\  |  /   /
                              \ | /   /
                               \|/___/
                                F


where either the path (A, F) or the pair of paths (E, F) and (B, F)
is present, depending on one's point of view. Johnny's mother
firmly holds to the popular belief, and this leads to a strong
scolding!

A similar DAG may be constructed in regard to the events surrounding
the death of Julius Caesar:

    A soothsayer warns Caesar that something bad will happen to him
    on the Ides of March. Caesar disregards the prophesy and goes to
    the Senate on the Ides. There he is murdered by his opponents.

Their dislike of him is no secret, and is one of the factors in his
demise. But, is the prediction another one?

******

For some reason, this calls to mind a joke:

    A rabbi heads out on the Day of Atonement carrying golf
    clubs.

    In Heaven, Elijah, who is watching this with the Almighty,
    says "He is going to play golf on the Holy Day. You should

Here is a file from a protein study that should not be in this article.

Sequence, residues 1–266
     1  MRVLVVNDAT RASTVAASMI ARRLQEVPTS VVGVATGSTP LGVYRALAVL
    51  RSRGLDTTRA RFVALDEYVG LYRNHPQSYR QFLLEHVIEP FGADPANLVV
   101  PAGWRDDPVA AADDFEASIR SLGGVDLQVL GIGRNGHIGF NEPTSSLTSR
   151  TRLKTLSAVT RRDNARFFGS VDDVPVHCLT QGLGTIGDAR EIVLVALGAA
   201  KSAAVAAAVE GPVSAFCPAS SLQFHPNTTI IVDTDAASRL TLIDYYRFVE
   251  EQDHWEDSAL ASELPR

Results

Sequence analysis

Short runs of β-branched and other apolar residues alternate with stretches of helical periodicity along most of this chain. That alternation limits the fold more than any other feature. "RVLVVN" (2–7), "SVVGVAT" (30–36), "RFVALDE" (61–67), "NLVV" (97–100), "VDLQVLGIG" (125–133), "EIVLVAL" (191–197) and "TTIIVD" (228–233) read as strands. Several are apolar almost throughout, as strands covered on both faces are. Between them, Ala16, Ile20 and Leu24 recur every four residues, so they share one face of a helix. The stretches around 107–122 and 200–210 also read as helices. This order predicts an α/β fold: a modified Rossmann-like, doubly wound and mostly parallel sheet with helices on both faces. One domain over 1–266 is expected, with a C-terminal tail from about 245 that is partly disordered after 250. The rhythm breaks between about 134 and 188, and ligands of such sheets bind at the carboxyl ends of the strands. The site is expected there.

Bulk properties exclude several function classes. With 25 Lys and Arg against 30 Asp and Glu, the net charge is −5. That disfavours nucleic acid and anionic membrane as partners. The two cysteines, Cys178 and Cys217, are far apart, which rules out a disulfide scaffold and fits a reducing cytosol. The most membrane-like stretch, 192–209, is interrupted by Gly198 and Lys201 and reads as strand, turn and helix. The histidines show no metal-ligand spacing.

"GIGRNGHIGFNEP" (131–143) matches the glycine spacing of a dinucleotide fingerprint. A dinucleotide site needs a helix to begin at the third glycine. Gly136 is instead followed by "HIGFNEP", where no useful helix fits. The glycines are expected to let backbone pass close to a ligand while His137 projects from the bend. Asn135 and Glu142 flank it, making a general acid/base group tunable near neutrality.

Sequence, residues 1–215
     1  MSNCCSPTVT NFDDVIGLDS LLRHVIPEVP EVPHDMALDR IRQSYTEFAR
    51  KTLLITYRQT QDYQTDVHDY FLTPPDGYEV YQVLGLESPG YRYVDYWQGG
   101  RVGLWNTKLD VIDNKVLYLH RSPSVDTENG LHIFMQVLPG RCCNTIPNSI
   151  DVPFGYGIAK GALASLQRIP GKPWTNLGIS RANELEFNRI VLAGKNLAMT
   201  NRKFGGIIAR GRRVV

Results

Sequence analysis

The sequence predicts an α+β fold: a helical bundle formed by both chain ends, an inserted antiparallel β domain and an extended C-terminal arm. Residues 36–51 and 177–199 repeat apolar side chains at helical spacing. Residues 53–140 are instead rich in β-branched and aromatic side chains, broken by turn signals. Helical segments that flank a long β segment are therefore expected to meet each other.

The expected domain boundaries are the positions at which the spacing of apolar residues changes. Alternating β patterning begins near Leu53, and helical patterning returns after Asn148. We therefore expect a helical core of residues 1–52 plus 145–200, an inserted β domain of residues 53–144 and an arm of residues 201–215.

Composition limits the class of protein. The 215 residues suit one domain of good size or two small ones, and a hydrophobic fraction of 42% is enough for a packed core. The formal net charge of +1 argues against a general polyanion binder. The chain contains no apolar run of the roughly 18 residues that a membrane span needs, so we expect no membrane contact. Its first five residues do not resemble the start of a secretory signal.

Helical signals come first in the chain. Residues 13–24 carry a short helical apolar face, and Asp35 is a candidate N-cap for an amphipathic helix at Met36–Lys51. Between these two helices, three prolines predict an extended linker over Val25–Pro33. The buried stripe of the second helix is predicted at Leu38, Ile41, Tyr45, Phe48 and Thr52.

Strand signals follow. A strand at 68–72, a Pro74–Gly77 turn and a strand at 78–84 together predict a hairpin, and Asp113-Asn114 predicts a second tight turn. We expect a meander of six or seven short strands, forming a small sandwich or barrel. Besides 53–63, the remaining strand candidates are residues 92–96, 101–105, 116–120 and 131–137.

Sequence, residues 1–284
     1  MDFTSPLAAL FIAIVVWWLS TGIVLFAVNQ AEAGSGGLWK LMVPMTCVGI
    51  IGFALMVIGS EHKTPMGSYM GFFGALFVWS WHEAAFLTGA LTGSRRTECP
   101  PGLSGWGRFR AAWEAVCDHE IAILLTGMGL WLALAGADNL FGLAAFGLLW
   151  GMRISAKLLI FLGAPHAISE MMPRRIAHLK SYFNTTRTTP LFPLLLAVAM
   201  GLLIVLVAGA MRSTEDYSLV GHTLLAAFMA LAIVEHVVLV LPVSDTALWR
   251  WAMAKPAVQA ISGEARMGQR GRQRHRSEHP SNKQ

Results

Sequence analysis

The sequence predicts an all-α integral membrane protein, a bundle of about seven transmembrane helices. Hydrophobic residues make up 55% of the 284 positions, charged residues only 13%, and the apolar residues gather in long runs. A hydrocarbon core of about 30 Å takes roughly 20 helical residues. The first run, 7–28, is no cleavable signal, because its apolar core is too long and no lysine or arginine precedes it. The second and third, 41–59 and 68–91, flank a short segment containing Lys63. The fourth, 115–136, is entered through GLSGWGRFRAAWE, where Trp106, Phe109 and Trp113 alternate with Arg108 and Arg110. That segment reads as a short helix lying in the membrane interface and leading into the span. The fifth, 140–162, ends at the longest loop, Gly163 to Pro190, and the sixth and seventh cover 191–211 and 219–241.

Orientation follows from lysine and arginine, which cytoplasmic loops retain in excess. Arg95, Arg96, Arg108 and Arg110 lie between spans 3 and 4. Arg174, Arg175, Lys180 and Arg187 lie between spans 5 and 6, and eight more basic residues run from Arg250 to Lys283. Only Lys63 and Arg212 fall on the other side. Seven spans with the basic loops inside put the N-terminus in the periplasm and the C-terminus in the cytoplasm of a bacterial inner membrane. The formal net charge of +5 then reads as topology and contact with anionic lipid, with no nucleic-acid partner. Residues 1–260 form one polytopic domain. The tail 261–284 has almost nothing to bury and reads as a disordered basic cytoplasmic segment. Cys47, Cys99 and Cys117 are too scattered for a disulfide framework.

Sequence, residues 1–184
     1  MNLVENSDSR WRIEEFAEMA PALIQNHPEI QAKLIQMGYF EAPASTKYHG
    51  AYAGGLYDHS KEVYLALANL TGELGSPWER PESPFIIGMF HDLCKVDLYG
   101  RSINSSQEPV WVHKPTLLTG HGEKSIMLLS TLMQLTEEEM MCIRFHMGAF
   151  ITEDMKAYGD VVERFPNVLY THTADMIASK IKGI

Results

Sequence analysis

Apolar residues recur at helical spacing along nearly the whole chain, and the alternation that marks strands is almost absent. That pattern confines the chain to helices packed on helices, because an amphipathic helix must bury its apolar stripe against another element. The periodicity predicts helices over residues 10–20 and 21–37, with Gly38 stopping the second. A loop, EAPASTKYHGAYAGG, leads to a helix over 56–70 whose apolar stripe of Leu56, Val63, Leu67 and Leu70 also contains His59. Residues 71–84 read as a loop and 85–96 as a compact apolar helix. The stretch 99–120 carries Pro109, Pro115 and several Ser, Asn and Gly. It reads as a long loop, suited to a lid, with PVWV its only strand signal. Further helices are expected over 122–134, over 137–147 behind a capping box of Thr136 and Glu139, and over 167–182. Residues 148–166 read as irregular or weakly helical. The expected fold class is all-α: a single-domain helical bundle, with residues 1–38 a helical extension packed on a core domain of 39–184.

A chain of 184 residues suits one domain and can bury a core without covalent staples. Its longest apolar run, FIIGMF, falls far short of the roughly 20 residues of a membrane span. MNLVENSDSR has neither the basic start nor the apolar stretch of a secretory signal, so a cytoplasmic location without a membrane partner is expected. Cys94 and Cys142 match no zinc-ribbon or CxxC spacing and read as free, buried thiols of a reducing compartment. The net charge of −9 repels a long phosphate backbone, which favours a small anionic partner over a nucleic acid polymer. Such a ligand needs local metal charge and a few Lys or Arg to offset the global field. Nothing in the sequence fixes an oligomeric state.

stop him."

    The Almighty responds "If he plays golf today, he will be
    punished."

    The rabbi reaches the golf course and goes out to the first
    tee, where he tees up his ball.

    Again Elijah implores the Almighty to intervene, and again
    the Almighty responds "If he plays golf today, he will be
    punished."

    The rabbi drives the ball. It soars high in the air, travels
    375 yards and rolls into the hole for a hole-in-one.

    Elijah turns to the Almighty and asks "Is that what you call
    punishment?"

    "Who can he tell?" responds the Almighty.